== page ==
If you choose to defend, you have a number of immediate concerns in regards to funding your losses if you lose. See if you have legal expenses insurance on any of your insurance policies (car, house, credit cars etc). If so, you may be able to use this to fund your defence. You could always try legal aid, but from your post it would appear that you work and so it is unlikely that you will fall under the means test threshold.

 

If you fail to get funding, then you will have to realise that if you go to Court then the claim will fail into the Multi Track and the costs could get astronomical if you lose and especially if they win and have a CFA or CCFA and/or beat any Part 36 offer made.

 

There are of course problems that the insurers will face. They probably won't want to go to Court if their decision to void is a ropey one and they will be less likely to want to go to Court in case they lose (especially if they lose on appeal) as they will have a case that is reportable that holds that they cannot void insurance in certain circumstances.

 

I feel sorry for the OP as it seems a genuine mistake has been made, which really doesn't materially affect the risk to any great expense that the insurers will face, but in the end, the law backs up the insurers in this case.

 

If it were me in this position, I would make a request for the file dealing with the PI claim, request their calculations of the risk and underwriting decision had the full disclosure taken place and also look at the advice given to me when sold to make sure it complies with Part C (ii) of the ABI Code of Practice:-

 

(ii) ensure that the consequences of nondisclosure and inaccuracies are pointed out to the prospective policyholder by drawing his attention to the relevant statement in the proposal form and by explaining them himself to the prospective policyholder.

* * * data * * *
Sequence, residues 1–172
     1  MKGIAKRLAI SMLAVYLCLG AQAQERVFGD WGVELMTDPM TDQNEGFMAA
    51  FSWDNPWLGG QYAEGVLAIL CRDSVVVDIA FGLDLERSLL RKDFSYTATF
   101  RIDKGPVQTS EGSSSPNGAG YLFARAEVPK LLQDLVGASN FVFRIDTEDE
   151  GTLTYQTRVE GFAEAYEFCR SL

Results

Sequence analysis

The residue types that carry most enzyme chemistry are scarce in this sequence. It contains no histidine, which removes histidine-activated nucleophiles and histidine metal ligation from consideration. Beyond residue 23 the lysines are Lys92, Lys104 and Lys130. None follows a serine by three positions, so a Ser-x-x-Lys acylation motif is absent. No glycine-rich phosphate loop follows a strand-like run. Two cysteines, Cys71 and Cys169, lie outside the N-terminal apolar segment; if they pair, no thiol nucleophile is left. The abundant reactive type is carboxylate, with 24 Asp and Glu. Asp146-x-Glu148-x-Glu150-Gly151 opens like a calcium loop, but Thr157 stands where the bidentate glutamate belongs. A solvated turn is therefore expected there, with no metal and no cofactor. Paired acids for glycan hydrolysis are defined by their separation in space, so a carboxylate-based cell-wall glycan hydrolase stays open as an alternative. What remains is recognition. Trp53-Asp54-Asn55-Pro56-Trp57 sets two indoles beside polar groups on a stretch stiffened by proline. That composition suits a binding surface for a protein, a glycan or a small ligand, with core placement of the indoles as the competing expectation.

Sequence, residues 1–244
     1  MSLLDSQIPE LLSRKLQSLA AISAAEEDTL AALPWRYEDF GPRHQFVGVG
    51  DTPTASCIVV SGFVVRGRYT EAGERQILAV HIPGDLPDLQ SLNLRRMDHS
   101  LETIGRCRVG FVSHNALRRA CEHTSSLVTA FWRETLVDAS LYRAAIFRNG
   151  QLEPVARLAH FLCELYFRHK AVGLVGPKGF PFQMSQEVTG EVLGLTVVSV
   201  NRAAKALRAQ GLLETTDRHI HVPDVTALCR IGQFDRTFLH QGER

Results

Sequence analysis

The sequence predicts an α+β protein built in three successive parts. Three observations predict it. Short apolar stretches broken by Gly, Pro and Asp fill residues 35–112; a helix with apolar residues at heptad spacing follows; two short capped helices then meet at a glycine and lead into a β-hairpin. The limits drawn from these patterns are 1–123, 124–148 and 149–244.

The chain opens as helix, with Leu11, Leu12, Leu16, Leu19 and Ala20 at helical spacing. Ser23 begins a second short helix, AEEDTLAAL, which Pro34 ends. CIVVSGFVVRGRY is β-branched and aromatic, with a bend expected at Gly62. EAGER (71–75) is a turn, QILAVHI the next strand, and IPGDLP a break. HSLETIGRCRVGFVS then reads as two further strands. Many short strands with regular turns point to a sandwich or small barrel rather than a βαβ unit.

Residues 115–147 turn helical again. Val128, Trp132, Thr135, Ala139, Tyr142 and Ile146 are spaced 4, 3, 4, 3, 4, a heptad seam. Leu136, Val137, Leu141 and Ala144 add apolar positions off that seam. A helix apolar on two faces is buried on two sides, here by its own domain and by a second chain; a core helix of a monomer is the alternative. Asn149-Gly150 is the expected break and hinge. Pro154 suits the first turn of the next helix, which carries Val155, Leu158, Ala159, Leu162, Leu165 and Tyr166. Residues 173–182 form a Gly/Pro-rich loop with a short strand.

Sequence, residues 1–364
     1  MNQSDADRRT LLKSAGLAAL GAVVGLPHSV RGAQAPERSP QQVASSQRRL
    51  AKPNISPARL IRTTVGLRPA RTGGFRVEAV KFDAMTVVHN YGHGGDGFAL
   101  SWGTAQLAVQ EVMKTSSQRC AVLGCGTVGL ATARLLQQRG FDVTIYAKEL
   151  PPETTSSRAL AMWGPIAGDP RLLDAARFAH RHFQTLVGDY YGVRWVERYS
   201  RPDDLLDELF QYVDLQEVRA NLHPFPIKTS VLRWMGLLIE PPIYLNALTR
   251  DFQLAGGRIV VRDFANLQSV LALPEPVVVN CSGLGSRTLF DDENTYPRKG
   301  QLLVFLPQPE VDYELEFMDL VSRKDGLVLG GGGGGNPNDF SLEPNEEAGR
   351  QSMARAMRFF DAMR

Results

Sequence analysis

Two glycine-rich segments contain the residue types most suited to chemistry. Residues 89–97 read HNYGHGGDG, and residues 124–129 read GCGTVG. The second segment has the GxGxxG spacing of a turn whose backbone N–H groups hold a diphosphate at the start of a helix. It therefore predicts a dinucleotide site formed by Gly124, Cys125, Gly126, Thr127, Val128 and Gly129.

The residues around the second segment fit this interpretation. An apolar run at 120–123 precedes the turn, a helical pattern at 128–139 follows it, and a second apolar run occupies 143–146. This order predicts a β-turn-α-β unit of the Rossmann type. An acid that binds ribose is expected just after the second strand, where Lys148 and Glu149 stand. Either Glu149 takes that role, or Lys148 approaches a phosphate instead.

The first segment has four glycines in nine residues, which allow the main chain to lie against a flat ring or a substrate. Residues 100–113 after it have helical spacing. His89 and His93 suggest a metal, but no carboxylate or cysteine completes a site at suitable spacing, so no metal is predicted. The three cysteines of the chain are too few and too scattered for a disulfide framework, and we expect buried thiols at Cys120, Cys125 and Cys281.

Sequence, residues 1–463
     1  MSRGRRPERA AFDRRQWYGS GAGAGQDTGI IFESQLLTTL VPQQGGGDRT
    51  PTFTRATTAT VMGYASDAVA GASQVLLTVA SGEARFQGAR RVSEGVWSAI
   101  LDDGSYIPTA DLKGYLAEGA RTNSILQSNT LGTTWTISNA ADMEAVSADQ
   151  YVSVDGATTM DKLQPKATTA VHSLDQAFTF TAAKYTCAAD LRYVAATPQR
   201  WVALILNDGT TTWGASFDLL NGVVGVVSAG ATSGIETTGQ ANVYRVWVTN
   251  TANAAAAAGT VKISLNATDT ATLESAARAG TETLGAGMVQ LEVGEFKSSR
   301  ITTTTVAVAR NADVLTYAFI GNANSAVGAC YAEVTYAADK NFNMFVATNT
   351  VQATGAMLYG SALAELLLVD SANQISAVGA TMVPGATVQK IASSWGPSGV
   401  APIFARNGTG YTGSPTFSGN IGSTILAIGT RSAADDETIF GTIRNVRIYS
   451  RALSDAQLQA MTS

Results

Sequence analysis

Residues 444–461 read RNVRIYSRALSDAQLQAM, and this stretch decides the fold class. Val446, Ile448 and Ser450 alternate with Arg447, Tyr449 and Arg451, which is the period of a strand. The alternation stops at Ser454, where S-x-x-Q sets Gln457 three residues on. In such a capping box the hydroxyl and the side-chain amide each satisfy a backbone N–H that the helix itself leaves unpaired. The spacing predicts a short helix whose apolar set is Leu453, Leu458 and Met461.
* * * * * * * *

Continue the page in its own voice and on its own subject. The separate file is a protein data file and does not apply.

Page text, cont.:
If they have not made clear that non disclosure will affect their policy then I would argue that a breach of the code has taken place and you will refuse to pay and report this to the Ombudsman, although again, this is just a voluntary code and not binding - but it will not look good for the insurers and the press may also be inclined to report on it, especially in light of the value of the claim....

 

Good luck

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I'd agree with everything Endymion has said, there's some very sound advice and some good suggestions for the OP to try.

 

The actual change in circumstances, two cars, two female drivers, assuming the only material fact that wasn't disclosed was the access to another vehicle then I think that's a very harsh reason to void the policy, but, technically and legally it is enough reason to void the policy.

 

In my opinion and experience, it would NOT give rise to any significant increase in risk exposure, and certainly not something that would cause most insurers to decline the proposal.

 

I am slightly confused about one point though, the OP states that her Mum had an old Fiesta and then at a later stage bought a Ford Ka. If the Fiesta was the first car then at the time of inception the answer to the question about use of another car would have been 'No', obviously that was changed at some later date by the OP's mum, BUT and here's the BUT, the Ford Ka was always a second car, so I'm unable to understand why the answer to the question on the Ka's proposal was a 'No'. If it had been the other way around and you had simply forgotten to inform your insurers about the Fiesta not been the only car then I think you would have had a stronger argument about the unfairness of it.

 

Who is the insurer concerned?

 

Mossy

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Just a quick question here guys - I have 3 cars all insured by different insurers. ( which is true, this is not hypothetical)

They all know about each other but lets say I have an accident in car A that is insured by insurer A.

They find out that Im also insured for cars B and C, by insurers B and C and consequently void the insurance. Why?